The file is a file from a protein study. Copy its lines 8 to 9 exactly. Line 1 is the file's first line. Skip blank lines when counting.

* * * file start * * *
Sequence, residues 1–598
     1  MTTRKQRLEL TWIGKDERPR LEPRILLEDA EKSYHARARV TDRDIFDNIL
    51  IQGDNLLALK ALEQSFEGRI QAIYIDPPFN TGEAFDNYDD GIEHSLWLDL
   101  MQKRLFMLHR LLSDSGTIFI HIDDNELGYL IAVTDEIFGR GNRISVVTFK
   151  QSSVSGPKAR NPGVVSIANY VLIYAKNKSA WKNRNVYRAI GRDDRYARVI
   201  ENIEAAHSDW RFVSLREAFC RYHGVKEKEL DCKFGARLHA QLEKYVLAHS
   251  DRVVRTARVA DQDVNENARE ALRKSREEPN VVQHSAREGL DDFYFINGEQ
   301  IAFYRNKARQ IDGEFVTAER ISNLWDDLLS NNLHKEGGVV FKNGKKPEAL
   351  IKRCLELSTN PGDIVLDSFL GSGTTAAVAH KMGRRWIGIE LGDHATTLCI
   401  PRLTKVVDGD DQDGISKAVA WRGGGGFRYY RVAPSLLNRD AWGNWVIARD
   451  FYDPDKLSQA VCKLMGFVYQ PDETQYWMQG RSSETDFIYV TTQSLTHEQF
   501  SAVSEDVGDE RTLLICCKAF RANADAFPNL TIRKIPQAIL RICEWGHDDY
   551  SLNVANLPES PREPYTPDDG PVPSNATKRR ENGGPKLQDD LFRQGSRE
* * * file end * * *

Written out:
   301  IAFYRNKARQ IDGEFVTAER ISNLWDDLLS NNLHKEGGVV FKNGKKPEAL
   351  IKRCLELSTN PGDIVLDSFL GSGTTAAVAH KMGRRWIGIE LGDHATTLCI